Today, nearly every synthesizer on the market has a built-in wavetable that contains such acoustic or electronic samples; as memory is so inexpensive, devices routinely come with hundreds or thousands of waveforms stored in ROM. The nature of the “sampler” as a discrete unit is also blurring and becoming subsumed into the broader definition of digital audio. As recording studios are becoming all digital and based around personal computers, sampling is now often a PC or Macintosh software option, perhaps with an add-in computer card or module to handle high-resolution analog-to-digital conversion. Many synthesizers feature firmware hooks that give an external computer access to their wavetables. With appropriate sample-management software, sounds can be loaded directly from almost any source, such as audio CD’s or sound files from the web.
Several musicians, however, didn’t wait for the arrival of affordable samplers and took conventional recording and playback equipment onto the stage to work sampled sounds into their performances. Playing live music atop taped sound effects or backing tracks was fairly conventional in many venues by the late 60′s. Academic composers who blended electronics and live musicians frequently needed to have the electronic sounds played from tape (particularly if they were computer-generated), with the live musicians racing to keep time (this was termed “music-minus-one”). Taped effects likewise became an important part of concerts by Pink Floyd and other soon-to-be-popular bands that would go on to define “arena rock.”
The San Francisco group Negativland worked extensively with tape collages in a cross-over rock context in the early 70′s; while this wasn’t unusual in itself, when Negativland toured a decade later, they brought their samples along in a myriad of cartridge tapes, selecting, cueing, and playing soundbytes with amazing dexterity, in synch with live musicians playing more conventional instruments. At the dawn of the 80′s, the turntable also became a very expressive sample playback instrument used live on stage with famous DJs, scratchers, and rappers such as Grandmaster Flash and Afrika Bambaata, growing eventually into the highly-sample-leveraged hip-hop and urban styles of today. Perhaps the most extreme of turntable artists was Christian Marclay, who would paste slivers of different LP’s together to form “composite” records that he would play in his public performances and installations. Another approach to incorporating found sound into modern performance can be seen in the work of the British artist Scanner (a.k.a. Robin Rimbaud), famous for using a radio scanner during his shows to drop in live samples from sources such as police radio, cab dispatchers, and random, unsuspecting people talking on cell phones.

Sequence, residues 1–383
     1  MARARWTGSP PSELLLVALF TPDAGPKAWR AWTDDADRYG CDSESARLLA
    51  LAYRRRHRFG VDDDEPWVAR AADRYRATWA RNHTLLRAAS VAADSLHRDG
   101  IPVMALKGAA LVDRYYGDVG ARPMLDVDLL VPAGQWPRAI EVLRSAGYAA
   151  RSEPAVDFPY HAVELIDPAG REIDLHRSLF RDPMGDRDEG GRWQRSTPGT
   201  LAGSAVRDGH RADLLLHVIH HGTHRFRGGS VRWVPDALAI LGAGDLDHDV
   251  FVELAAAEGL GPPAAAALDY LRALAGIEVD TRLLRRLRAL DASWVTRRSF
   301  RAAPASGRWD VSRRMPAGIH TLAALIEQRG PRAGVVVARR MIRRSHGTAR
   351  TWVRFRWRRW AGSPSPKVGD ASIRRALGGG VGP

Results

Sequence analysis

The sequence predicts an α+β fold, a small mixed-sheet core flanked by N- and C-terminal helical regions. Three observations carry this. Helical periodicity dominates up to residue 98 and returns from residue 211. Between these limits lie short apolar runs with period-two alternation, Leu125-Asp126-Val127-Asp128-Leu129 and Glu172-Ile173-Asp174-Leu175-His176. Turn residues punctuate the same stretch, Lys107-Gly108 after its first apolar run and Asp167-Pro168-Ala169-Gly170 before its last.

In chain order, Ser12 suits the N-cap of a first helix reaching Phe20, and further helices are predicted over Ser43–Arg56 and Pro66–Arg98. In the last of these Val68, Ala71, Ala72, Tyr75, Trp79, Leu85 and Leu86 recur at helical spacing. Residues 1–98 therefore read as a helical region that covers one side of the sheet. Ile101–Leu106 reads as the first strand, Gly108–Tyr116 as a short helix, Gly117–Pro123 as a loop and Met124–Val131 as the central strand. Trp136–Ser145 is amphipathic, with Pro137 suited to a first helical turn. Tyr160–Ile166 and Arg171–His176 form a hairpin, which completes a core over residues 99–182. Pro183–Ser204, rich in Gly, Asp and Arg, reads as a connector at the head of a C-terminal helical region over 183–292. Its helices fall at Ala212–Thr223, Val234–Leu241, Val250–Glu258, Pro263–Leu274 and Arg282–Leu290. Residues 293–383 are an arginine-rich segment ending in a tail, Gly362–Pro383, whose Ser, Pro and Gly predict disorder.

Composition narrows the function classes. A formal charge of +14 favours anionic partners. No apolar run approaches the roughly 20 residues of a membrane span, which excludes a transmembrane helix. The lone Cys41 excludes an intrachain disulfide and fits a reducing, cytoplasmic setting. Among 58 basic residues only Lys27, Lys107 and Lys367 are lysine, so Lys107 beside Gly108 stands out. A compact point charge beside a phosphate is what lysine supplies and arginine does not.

From American Innovations in Electronic Musical Instruments
by Joseph A. Paradiso
© 1999 NewMusicBox